Driving in, I know I expected something else. It is a place that defies categorization - a unique historical site in Europe with the potential to be much, much more. In fact, it is a ghost town. A victim of time and circumstance, Daugavpils Fortress is an empty, abandoned architectural treasure trove that has been ransacked and abused. Despite this fact, this relatively intact 19th century fortress with its ramparts, bastions, and dungeons with massive brick arches, unique in all of Northern Europe, should be included on your list of must-sees in Latvia.
The fortress as it stands today was built in the beginning of the 1800's at the order of Czar Alexander I as a western front defense against French invasion. It is said to have been constructed on the foundation of an earlier fortress by a crew of 10,000 workers divided into two shifts who worked non-stop. Construction continued throughout the 1800's, but it has been said that due to conflicts, floods and other events construction was never actually completed to plan.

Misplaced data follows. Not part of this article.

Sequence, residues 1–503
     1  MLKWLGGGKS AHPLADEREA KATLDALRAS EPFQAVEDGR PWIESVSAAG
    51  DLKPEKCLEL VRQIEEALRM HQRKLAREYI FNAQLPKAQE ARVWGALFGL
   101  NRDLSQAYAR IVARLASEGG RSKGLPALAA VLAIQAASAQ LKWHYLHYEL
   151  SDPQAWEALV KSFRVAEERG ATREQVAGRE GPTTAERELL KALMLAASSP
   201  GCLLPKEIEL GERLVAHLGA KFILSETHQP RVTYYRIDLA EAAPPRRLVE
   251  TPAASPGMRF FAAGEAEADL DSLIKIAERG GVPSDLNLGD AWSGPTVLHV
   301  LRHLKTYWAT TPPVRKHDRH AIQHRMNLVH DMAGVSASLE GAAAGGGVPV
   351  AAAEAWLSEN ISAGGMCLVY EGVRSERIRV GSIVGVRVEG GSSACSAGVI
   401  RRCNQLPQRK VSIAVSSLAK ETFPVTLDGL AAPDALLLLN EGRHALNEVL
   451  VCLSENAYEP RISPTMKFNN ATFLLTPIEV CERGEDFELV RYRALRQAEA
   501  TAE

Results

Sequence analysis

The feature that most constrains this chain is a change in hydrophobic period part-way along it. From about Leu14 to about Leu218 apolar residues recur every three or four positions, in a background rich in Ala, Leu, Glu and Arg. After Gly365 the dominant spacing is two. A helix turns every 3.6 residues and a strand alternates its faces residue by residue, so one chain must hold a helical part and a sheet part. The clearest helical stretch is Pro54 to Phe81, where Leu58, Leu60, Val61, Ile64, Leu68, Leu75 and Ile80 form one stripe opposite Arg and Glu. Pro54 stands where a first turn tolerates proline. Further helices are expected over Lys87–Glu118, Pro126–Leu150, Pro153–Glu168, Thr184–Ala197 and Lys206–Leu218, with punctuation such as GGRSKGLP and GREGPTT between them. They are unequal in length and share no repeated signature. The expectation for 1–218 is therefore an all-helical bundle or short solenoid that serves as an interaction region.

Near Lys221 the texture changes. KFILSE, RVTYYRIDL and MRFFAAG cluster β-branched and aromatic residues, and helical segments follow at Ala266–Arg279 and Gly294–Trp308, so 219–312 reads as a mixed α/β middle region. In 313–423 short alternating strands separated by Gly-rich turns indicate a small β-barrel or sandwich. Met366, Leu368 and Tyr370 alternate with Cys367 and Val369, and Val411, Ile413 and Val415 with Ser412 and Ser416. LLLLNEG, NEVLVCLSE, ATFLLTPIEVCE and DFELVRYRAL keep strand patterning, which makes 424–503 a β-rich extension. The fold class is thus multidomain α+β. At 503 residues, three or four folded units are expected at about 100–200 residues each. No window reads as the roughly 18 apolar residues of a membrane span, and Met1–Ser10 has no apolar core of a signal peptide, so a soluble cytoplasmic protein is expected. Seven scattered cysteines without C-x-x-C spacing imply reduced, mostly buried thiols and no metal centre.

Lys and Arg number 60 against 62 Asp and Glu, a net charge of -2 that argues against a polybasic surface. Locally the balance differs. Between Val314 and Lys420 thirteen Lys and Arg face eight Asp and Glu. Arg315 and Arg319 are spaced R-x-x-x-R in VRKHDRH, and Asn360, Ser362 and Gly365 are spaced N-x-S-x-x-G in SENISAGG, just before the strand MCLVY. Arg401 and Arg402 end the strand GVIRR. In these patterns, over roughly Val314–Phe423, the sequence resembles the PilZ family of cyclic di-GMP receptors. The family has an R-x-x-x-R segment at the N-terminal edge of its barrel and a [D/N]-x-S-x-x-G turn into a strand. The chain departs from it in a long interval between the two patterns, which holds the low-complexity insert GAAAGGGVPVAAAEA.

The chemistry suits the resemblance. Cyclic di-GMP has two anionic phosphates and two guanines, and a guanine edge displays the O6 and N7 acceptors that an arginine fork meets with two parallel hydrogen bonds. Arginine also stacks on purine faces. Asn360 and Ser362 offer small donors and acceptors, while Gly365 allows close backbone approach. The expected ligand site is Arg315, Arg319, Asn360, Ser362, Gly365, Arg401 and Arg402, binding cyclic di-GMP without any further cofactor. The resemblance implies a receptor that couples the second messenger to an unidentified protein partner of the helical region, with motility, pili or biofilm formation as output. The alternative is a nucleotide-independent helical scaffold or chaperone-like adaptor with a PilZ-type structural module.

Over the years, the fortress has been a war hospital, warehouse, headquarters of an independent Latvian regiment, Red Army headquarters, German occupied territory, a concentration camp, and until 1994, home to the Daugavpils Technical Aviation School. Today the land is controlled by the municipality of Daugavpils and the state.
Daugavpils Fortress is now open for those who would like to visit. There is an admission fee of 40 santims to see the site and a map is available in English for an addition 60 santims. The young man who sold us the tickets told us that we could just look around as we wished. Imagine wandering through a ghost town. Boarded up windows, and silence everywhere. One could almost envision the tumbleweed. We were able to go into the old gates and see the bastions and wander around the dungeons. We were able to go into areas no other museum, it seemed to me, would ever allow. It was quite interesting but it had its unnerving points as well. In some sections of the fortress, there are residential houses where people still live. This added an element of surrealism to the place that I found a bit disconcerting.
One priority in the future will surely be to develop the Fortress as a tourism and cultural heritage site. While I enjoyed the freedom of being able to just wander around and look where I wanted, there remains the risk of vandalism and destruction to this inarguably important historical monument. This place is a gem that should be better protected. Perhaps this is what I had expected. Preservation. In reality, the fortress is simply a historic place in limbo. It is a museum of sorts on the land where people still eek out a daily living.